1963 One week after President John F. Kennedy was fatally shot while riding in a motorcade in Dallas, Texas, President Lyndon B. Johnson establishes a special commission, headed by Supreme Court Chief Justice Earl Warren, to investigate the assassination. After ten months of gathering evidence and questioning witnesses in public hearings, the Warren Commission report will be released, concluding that there was no conspiracy in the assassination, either domestic or international, and that Lee Harvey Oswald, the alleged assassin, acted alone. The report will also find that Jack Ruby, the nightclub owner who murdered Oswald on live national television, had no prior contact with Oswald. However, the report will fail to silence conspiracy theories surrounding the event, and in 1979 the House Assassination's Committee will conclude that Kennedy likely was killed as part of a larger conspiracy that probably included members of organized crime.

1964 The Roman Catholic Church in the US replaces Latin with English.

1974 A bill to outlaw the Irish Republican Army becomes law in Britain.

1978 The UN observes an 'international day of solidarity with the Palestinian people,' but it is boycotted by the US and about 20 other countries.

1988 The Emperor Gets Dressed: Soviet leader Mikhail Gorbachev tells a landmark Supreme Soviet session that the country's system of government needs radical change.

1990 Desert Shield: The UN Security Council sets a deadline for military action against Iraq, if Baghdad fails to withdraw from Kuwait by 15 January 1991. It is the first such resolution since UN sponsorship of the Korean War in 1950.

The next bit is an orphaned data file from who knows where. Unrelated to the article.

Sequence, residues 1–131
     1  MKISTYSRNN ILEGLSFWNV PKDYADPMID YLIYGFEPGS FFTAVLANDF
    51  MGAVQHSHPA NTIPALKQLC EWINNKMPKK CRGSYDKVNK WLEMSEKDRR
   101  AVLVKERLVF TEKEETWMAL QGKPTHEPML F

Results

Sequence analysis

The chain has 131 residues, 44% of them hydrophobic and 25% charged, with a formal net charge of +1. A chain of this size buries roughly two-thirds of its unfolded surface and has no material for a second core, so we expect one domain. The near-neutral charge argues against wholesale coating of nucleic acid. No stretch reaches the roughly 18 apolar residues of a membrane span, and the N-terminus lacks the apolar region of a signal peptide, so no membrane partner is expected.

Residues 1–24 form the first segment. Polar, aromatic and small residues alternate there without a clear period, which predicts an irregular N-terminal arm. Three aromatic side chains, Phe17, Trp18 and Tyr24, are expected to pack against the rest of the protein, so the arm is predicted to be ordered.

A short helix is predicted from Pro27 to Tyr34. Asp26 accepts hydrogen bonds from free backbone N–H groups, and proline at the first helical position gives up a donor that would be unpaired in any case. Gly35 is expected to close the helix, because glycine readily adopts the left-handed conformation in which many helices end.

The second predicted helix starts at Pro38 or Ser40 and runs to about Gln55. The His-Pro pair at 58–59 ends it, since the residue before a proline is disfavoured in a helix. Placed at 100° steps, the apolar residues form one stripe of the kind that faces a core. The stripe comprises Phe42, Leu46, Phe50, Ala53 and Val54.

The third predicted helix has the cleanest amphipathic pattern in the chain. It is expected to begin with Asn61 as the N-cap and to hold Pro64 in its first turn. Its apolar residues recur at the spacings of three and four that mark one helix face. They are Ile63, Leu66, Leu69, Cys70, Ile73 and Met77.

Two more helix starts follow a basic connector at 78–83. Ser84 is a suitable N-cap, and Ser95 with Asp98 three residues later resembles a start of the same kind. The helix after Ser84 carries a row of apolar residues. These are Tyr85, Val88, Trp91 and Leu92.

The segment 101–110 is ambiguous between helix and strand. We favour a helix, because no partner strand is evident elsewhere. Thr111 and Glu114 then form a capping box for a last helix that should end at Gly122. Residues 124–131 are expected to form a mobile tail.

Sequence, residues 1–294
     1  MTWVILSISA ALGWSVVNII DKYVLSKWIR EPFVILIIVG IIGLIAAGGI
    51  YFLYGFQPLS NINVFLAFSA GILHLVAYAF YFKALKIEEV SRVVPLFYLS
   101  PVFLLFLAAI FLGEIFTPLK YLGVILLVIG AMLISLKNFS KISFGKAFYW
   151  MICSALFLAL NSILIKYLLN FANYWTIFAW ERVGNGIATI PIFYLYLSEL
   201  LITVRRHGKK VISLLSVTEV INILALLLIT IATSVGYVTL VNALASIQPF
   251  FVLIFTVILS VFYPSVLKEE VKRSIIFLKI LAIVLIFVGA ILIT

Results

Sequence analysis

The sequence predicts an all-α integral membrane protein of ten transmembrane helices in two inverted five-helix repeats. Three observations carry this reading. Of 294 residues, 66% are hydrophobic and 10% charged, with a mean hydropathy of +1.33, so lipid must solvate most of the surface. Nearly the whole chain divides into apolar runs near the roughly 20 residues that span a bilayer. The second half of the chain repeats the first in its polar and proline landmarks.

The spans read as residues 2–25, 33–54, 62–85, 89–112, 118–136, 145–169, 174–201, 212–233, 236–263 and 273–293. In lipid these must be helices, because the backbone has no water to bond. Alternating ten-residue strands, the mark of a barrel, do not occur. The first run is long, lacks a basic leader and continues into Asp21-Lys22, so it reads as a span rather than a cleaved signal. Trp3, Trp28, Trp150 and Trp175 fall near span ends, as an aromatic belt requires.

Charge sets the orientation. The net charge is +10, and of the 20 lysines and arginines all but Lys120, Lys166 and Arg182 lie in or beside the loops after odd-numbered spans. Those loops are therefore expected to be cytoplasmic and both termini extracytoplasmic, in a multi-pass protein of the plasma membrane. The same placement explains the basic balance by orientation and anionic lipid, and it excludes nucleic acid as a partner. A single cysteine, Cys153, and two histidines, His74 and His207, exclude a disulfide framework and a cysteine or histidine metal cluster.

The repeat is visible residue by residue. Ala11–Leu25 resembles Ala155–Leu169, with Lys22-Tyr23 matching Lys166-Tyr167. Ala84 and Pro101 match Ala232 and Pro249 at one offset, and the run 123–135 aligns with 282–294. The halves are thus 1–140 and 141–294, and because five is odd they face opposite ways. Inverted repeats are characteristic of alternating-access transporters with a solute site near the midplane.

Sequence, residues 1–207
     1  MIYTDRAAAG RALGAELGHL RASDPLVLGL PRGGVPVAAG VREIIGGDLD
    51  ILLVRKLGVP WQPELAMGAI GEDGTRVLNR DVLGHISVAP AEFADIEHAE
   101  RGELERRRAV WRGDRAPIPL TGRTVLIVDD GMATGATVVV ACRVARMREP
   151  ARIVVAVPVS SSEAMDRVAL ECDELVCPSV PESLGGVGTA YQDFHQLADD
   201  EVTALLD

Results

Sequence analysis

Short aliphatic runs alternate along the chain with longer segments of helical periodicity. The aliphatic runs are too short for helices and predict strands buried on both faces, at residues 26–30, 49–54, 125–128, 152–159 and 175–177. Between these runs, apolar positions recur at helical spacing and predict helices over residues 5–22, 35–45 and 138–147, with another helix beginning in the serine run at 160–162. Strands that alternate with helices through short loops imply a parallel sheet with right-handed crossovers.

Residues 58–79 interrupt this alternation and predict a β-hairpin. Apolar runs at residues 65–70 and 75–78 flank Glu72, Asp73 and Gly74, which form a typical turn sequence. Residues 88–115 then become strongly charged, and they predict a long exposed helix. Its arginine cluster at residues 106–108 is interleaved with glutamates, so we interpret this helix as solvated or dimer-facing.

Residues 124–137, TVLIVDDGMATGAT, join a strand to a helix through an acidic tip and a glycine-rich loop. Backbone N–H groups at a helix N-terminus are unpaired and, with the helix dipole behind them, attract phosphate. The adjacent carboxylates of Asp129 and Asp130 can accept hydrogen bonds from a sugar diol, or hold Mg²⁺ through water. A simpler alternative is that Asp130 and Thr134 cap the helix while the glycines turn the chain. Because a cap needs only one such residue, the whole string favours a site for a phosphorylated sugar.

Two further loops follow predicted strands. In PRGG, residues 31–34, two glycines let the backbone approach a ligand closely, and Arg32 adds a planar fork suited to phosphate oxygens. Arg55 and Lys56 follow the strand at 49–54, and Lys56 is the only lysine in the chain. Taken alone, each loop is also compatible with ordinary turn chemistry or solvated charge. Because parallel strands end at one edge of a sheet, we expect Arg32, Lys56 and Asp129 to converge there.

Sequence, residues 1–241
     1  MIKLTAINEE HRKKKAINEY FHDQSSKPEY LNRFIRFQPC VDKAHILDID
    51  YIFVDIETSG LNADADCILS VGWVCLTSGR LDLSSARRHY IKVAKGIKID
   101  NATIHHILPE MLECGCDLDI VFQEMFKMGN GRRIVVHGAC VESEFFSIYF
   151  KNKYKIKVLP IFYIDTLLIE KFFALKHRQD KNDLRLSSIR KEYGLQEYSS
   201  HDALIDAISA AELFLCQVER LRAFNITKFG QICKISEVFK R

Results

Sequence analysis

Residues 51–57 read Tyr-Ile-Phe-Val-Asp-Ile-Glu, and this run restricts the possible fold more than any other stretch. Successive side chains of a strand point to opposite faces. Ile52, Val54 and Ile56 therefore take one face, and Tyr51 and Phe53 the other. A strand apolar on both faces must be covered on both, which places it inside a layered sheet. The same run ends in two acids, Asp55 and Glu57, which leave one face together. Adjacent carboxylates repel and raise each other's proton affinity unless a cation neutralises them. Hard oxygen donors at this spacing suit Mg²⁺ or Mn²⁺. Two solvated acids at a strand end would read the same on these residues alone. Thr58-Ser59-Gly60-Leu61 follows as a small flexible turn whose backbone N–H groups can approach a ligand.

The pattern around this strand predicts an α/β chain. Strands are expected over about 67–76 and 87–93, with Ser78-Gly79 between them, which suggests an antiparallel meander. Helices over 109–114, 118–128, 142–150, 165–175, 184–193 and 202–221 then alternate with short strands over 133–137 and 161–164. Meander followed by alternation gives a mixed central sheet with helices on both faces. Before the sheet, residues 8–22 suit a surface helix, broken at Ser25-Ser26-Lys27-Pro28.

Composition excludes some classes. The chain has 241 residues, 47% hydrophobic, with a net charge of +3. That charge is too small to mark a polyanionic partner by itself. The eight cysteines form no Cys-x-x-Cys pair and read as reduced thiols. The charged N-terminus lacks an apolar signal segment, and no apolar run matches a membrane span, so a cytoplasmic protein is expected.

1992 Blacks kill four whites and wound 17 more in an unusual attack at a South African golf club. The attack is the first by blacks against white civilians since the 1990 legalization of antiapartheid groups.

1994 Russian aircraft bomb the Chechen capital of Grozney.

1994 Voters in Norway reject a proposal to join the European Union.

1996 Astronomers announce that an asteroid will pass within 3.3 million miles of Earth. This is considered a 'near miss' in galactic terms.

1997 Misery Deserves Company: Some 28,000 couples gather in Washington, DC's RFK Stadium for a mass wedding performed by the Reverend Sun Myung Moon of the Unification Church.

2001 The Northern Alliance and a group of exiles loyal to the former king, agree to a transitional government to rebuild Afghanistan, until more conclusive talks can be convened in the spring. The Northern Alliance also softens their stance on foreign troops in Afghanistan, saying if the need for help becomes "inevitable" then the Alliance would not oppose an international force.

2001 American warplanes continue to bombard the Taliban's final stronghold in Kandahar. The US bombing is described as some of the most punishing air strikes in the war.